Why Do We Still Need Bookshops In The Internet Age
Dare the question: what good is a bookstore today? In theory, nothing.
Dare the question: what good is a bookstore today? In theory, nothing. Do you feel like a book? A simple click on the Internet can satisfy it: within 24 hours it is in your mailbox. Better, you can have it immediately in digital version. Better yet, lying in your couch you can ask your personal assistant — Alexa, Watson or Siri … — to take care of the purchase. Better yet, it can advise you your next reading. Better still, the machine can even read it to you.
The entire planet’s library without moving from your sofa.
A dream …
Except this dream is not yours. It’s Jeff Bezos’s.
And it’s a lure. This infinite choice is a mirage. From our sofa, with our laptop, space is shrinking ever more. The algorithm of the machine is in tune with what we have elsewhere called our “inner algorithm”, this force that pushes us to go to the same dishes to a buffet with a thousand and one victuals.
A nice small book of 23 pages published in England in 2014 — but, alas, not yet translated in France — reveals what can serve a bookstore in such a context.
It’s called The Unknown Unknown. It is signed Mark Forsyth. The title is an allusion to a quote from Donald Rumsfeld — the Secretary of Defense George W. Bush himself. Embarrassed in the scandal of the war in Iraq in order to justify the merits of military strikes, he had given journalists an improvised course of epistemology. He had subsumed human knowledge in three broad categories: the “known known”, these things that we know we know (for example, I know that Umberto Eco wrote the Name of the Rose, that Napoléon was a French Emperor …); the “known unknown”, i.e., the things we do not know about (like I know that I do not know the exact number of the population of Tanzania, or how to say “Thank you” in Japanese …); and, finally, “the unknown unknown”, those things we do not know not to know (and of which I could give no example since precisely I do not know that I do not know it)
This third continent — let’s call it Terra Incognita Incognita — is a huge continent. Infinite in fact. And contrary to what we believe it remains inaccessible via the Internet. This is the blind spot of our computers and our smartphones.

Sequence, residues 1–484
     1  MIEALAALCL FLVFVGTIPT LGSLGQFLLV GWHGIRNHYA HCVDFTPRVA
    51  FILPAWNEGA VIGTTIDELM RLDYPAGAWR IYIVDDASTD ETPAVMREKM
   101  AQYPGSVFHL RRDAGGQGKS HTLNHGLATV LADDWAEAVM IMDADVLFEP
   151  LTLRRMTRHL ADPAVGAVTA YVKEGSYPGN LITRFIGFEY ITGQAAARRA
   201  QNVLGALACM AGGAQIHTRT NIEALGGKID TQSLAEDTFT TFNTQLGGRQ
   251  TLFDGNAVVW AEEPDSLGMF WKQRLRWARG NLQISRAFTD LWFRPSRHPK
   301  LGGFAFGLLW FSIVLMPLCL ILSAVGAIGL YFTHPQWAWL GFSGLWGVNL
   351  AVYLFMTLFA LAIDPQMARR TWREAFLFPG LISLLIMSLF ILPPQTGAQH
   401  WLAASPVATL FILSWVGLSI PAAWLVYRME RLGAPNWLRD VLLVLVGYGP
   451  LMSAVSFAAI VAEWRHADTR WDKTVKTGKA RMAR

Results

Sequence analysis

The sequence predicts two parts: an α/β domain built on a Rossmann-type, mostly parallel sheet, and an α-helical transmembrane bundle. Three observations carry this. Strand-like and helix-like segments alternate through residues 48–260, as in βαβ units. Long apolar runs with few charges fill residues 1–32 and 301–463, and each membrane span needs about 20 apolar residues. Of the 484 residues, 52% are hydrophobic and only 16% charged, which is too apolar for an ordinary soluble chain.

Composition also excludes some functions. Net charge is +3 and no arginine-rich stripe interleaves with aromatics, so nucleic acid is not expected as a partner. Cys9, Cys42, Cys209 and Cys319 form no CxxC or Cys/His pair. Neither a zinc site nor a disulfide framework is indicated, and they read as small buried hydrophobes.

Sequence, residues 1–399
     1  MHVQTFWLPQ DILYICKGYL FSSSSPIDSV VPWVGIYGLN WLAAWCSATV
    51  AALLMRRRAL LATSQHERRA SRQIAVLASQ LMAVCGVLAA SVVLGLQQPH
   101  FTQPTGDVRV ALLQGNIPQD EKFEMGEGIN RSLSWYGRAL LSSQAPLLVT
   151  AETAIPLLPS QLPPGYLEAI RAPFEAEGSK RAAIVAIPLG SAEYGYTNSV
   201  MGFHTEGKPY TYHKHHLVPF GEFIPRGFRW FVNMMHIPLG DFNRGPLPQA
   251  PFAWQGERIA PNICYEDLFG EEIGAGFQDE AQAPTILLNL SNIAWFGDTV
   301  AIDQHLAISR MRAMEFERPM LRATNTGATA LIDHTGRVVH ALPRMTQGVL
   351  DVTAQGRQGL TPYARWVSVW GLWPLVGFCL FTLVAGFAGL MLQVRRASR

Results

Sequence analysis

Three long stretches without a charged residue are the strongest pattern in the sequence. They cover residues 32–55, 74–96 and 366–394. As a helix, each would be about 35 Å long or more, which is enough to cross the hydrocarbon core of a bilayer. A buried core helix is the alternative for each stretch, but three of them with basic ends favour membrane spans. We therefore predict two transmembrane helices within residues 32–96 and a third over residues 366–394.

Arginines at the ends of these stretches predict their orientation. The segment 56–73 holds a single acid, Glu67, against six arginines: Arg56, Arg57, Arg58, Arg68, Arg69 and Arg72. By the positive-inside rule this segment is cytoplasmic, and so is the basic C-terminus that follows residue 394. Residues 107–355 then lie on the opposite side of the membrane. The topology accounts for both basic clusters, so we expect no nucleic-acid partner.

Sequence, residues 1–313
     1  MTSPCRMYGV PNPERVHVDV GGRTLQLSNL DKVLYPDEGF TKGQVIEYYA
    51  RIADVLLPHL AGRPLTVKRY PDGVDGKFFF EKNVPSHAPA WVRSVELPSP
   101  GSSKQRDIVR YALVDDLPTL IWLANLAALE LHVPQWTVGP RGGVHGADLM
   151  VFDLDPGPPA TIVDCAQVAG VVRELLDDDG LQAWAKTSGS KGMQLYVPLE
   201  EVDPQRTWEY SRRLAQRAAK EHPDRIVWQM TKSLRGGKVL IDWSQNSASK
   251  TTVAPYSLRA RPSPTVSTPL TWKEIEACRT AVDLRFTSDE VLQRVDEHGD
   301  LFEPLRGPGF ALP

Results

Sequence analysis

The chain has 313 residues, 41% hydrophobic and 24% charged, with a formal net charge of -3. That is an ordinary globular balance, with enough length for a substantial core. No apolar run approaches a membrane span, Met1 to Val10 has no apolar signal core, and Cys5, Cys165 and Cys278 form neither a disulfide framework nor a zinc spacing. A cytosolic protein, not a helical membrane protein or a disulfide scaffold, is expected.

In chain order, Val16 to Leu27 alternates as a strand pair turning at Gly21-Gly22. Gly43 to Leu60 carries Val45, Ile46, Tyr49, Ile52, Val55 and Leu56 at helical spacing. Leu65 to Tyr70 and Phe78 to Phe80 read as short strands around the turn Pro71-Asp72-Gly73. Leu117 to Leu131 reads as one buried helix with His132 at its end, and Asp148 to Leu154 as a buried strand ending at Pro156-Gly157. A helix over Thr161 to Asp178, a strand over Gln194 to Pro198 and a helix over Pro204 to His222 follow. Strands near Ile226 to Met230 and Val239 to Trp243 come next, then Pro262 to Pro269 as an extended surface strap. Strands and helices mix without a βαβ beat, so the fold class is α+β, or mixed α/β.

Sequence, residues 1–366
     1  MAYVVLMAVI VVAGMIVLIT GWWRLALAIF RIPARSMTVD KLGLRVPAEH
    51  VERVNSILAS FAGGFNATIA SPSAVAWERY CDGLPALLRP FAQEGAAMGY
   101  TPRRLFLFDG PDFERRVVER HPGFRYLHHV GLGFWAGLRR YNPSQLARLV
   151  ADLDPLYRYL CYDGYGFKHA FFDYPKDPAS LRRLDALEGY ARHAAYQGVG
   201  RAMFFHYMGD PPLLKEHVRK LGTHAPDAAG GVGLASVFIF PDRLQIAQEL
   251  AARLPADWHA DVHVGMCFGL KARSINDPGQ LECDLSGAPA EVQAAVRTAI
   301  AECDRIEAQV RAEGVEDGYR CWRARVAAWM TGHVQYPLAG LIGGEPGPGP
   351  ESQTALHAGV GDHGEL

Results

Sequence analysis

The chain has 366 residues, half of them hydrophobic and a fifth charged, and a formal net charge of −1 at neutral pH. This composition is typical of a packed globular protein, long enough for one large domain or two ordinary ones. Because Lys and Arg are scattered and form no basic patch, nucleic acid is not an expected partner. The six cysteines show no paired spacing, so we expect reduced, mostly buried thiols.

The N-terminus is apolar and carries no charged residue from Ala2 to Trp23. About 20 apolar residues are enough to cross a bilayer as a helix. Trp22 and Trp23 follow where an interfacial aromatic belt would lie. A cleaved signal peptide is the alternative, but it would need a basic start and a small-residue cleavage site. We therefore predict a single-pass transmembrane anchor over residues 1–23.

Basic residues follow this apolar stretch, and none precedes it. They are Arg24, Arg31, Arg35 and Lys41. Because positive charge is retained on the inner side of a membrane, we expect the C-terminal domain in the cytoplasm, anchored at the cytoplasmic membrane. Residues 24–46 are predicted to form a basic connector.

Yet, we live in the illusion that all the knowledge of the world is directly accessible to us via the Internet. In theory, it is. But in reality, it’s a different story.
That’s the problem when we talk about the Internet serendipity Internet — this ability to make us discover new things. It certainly exists — denying it would be absurd — but it is a smooth serendipity that proceeds from what we already know based on the principle « Italy-alley cat-cat and dog-dog leg » …
Actually, while surfing on the infinite expanses of the Internet, we remain, even reluctantly, bound to what we already know. We do not move very far from familiar shorelines, stuck to our echo chamber: for comfort, we trample the “known known” and we explore on tiptoe the “known unknown”. But “the unknown unknown” stays for us beyond an unreacheachable horizon. Besides, how can we google for something whose mere existence we do not know?
In fact, the Terra Incognita Incognita is a country where it is difficult to access alone. It is precisely the bookshoper’s mission to open us to this third continent: a leap into the unknown unknown through books that we did not even suspect existed. Towards unsuspected promises of reading pleasures. And that’s the very definition of the good bookstore: the one we always go out with what we did not come to get.
More than ever at a time when algorithms confine us to our own choices, where we tend to duplicate our own tastes, we need booksellers able to take us out of our cultural bubble.
Otherwise more sophisticated than the stupid algorithm of Amazon — which only follow our course and aggregate the books that were bought together by customers — the bookseller’s algorithm is a sesame that opens us to our own desire, the one that we do not know yet. Not a desire that we would have checked in advance — as on a dating site or an order online — but a novel desire, that is to say, an unknown unknown desire.
A mission of exploration of the desire that is absorbing, because it requires to immerse in the plethora of editorial production in order to detect the nuggets.
A brave mission also that involves coming out of the comfort of the mainstream recommendations.
And finally an indispensable mission for the biodiversity of culture. Because, contrary to what the giants of the Internet claim, it is not them, but the booksellers today who are the real guarantors of the “long tail” — of the accessible diversity pledged by the Internet — by making it alive, by ensuring both plurality and duration in books curation.
But in order for them to carry out this mission, they still need to have the opportunity to fully exercise their profession. Faced with Amazon and all those who feed it … Because each click on the site of Jeff Bezos always feeds a little more the monster and reduces diversity.
Recently, a communication campaign in France compared booksellers to superheroes. Indeed, they are. Their superpower is that of taking us to the unknown unknown … It’s up to us to help them continue to exercise it by preferring to push the door of the unknown into a bookshop rather than comfortably clicking on what we already knows from our sofa. ¶
Mark Forsyth The Unknown Unknown: Bookshops and the Delight of Not Getting What You Wanted (Icon, 2014)